Rain prevented all drills yesterday and the men stayed in their tents almost all day. The rain also kept the men from indulging in their usual athletic sports and the base ball team took a rest.

A number of the men will attend religious services in the city today, they having secured passes to that effect.

October 9, 1898:

The cosmopolitan library is well patronized by members of the Virginia and North Carolina regiments.

October 10, 1898:

The sixth, too, entertained a very large crowd of visitors, the camp being crowded all day with negroes of the city who have made acquaintances among the soldiers. A number of white people were also in camp and expressed themselves as pleased with its condition and especially with the deportment of the men.

The men of the Sixth say they are not anxious to leave Knoxville, as they like the place. A number of the men visited the negro college yesterday and were shown through the buildings and grounds by the students.

October 11, 1898:

The Sixth too is now hard at work preparing for the inspection, which will come this week, and the men are putting everything in first-class shape. None of the officers, who resigned last week, have gone as yet, but expect to leave some time next week. Their resignations have not yet been accepted by the war department.

A practice game of baseball was played in the field next to camp yesterday. No score was kept, but it can be estimated at about forty to thirty-five in favor of the other side at the end of the third inning, when the game was called on account of darkness.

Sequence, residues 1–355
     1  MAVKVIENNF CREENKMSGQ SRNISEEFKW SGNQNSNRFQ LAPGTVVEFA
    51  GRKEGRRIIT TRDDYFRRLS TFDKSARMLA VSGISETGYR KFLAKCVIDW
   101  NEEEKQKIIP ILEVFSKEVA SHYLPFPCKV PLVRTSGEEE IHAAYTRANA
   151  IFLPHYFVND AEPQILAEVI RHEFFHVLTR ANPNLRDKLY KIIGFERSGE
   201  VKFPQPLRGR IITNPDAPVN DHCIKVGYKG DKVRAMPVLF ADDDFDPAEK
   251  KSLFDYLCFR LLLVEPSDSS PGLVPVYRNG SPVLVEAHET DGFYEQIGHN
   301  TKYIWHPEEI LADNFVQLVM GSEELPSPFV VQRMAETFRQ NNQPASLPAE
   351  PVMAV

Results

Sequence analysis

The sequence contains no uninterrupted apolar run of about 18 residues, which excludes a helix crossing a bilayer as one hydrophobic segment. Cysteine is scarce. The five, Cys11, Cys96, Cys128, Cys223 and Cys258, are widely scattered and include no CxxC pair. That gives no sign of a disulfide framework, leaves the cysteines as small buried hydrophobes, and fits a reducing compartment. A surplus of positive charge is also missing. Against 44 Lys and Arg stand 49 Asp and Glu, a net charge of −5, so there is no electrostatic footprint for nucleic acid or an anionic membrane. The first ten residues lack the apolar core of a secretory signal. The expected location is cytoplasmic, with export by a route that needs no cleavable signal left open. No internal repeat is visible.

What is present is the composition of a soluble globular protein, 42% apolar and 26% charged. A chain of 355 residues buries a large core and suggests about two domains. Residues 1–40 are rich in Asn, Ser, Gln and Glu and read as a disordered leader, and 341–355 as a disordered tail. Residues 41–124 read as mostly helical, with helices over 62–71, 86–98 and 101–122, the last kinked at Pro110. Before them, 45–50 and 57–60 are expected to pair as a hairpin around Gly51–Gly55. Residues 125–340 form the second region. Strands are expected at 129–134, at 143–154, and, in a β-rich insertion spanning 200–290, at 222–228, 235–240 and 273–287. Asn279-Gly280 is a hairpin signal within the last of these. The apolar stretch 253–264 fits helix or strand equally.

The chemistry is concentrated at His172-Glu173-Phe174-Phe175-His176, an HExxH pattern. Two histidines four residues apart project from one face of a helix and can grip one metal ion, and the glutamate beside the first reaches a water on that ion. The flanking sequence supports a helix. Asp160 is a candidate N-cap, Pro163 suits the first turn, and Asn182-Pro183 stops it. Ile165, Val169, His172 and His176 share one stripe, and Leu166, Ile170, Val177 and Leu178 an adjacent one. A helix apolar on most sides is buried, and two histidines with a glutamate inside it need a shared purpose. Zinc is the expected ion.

Colonel Croxton has been somewhat indisposed for a few days, but is now out again.

October 12, 1898:

The camp of the Sixth was decidedly quiet yesterday, the men being idle and very few visitors being in camp.

The topic of being moved has been dropped, now that the more important theme of “getting paid” is near.

Col.Croxton has been very particular about the sanitary conditions of the camp since coming to Knoxville and his watchfulness has borne good results as the regiment is one of the healthiest in camp at the present time. He wants to have the regiment at its best when they go farther south. The men, in speaking of the camp here, say they are very well satisfied and would rather stay here than go south.

October 13, 1898:

Regimental drill was held by the Sixth yesterday and the different formations were executed in god style, the men keeping good lines and step. The regiment will be inspected today or tomorrow and the men have made great efforts to have everything in good order.

Private A.B. Brown, co. B, who has been in the hospital for some time, left yesterday for his home, going on a thirty day sick furlough.


TheThe Journal and Tribune (Knoxville, TN), October 2, 1898; October 3, 1898; October 5, 1898; October 6, 1898; October 7, 1898; October 8, 1898; October 9, 1898; October 10, 1898; October 11, 1898; October 12, 1898; October 13, 1898 - Contributed by Jeff Berry